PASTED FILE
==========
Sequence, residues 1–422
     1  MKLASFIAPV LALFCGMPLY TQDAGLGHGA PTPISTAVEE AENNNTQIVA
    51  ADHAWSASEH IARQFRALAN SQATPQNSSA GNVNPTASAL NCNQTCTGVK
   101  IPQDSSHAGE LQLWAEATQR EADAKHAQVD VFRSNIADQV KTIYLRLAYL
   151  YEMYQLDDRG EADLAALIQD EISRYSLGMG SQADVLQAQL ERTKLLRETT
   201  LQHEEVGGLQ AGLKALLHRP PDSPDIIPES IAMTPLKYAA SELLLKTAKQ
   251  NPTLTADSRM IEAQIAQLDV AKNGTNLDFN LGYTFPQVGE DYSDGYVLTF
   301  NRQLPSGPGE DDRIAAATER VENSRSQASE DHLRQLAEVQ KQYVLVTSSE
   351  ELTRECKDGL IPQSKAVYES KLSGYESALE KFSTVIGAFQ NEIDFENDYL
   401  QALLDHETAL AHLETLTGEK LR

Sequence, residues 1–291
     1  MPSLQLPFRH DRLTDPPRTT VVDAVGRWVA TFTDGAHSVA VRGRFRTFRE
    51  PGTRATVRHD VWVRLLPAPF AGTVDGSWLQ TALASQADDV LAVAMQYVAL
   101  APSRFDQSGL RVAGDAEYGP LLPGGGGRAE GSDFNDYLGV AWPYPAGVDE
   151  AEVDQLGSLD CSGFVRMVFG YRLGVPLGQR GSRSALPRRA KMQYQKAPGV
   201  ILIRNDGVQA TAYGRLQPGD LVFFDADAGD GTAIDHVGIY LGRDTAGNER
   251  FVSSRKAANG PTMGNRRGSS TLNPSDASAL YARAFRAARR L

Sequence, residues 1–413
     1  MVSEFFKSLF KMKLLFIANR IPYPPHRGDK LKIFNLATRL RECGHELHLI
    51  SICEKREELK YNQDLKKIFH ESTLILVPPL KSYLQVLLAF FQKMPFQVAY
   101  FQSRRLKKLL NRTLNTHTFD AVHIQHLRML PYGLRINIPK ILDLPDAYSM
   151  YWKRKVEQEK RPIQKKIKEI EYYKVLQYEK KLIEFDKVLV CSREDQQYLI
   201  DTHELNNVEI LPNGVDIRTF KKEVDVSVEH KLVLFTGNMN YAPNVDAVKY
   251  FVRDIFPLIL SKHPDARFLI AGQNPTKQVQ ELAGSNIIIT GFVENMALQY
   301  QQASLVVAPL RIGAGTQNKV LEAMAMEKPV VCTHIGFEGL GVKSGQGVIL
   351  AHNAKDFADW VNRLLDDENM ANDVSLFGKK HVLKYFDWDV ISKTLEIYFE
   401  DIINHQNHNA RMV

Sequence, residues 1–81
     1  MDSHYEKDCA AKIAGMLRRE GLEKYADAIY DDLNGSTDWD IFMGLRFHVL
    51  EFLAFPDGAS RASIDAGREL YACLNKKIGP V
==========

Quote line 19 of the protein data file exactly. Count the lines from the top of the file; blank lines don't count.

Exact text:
     1  MVSEFFKSLF KMKLLFIANR IPYPPHRGDK LKIFNLATRL RECGHELHLI